By Sgt. Marcie C. Wright, 402nd Field Artillery Brigade, Division West Public AffairsSeptember 3, 2013
FORT BLISS, Texas (Sept. 3, 2013) -- The Continental U.S. Replacement Center is now fully operational at Fort Bliss, processing about 150 war fighters per weekly cycle, with an expected increase to more than 400.
The first individuals arrived for pre-deployment training at the Continental U.S. Replacement Center, or CRC, at Fort Bliss, Texas, Aug. 9, 2013.
This CRC is a combination of three entities: one was a training site at Fort Benning, Ga., where Department of Defense civilians and other military services were trained; another from Camp Atterbury, Ind., where support staff received their training; and the other was located in Virginia, where training for the Army Corps of Engineers specialties was handled.
"When you consolidate things to one location you can provide better resources and use those resources for multiple things," said 1st Sgt. Dusty Ray Alexander, acting senior enlisted adviser of the 3rd Battalion, 398th Regiment.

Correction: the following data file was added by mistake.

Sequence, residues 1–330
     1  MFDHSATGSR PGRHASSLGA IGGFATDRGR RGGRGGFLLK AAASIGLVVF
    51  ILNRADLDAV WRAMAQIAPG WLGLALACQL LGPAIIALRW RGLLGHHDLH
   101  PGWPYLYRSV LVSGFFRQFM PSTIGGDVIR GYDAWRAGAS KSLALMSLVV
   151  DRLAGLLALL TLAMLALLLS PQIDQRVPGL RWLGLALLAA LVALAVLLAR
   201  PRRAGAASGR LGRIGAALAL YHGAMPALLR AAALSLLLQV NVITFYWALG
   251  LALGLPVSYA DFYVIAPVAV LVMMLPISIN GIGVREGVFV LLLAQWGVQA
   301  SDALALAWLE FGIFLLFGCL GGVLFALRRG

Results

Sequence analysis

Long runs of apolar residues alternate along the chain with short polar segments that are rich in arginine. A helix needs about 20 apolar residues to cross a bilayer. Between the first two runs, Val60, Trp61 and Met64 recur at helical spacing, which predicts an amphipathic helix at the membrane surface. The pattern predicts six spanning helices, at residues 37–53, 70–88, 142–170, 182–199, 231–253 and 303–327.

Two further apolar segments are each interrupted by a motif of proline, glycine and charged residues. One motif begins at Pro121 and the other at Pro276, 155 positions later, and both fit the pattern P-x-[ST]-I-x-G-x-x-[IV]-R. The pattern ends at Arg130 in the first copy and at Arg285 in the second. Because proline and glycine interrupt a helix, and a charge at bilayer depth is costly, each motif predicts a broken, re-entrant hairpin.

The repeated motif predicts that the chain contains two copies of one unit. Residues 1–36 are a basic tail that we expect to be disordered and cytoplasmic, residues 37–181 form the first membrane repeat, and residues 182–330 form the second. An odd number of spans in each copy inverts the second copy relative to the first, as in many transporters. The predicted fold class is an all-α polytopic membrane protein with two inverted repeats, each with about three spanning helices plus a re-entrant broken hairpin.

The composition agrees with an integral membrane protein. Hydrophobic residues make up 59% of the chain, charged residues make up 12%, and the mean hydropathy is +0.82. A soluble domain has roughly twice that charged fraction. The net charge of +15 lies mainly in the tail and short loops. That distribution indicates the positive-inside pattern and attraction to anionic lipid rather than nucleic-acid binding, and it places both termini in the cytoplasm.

For instance, training lanes are already in existence due to the high operational tempo of Army Reserve and National Guard troops who rotate through as deploying units. This is something Alexander called a "plus factor."
Under the direction of the 402nd Field Artillery Brigade, the CRC features instruction from some of the top trainers at Fort Bliss. The 3rd Battalion, 398th Regiment -- a unit of mobilized Soldiers, many who have served as drill sergeants -- are involved in the training.
"The CRC's primary mission is, we mobilize individuals who are headed to one of 38 theaters of operation, different countries and different commands," said Alexander. "We also focus on redeployers, ensuring they have a smooth transition back to their previous jobs."
Having reservists tackle this mission means a variety of skill sets, both civilian and military, is available to share with those being trained and help battalion operations run smoothly, Alexander said.
"It just gives us more expertise; it makes us more diverse," said Alexander, who learned about computer networking and switches from one of his Soldiers who doubles as a computer engineer in the civilian sector.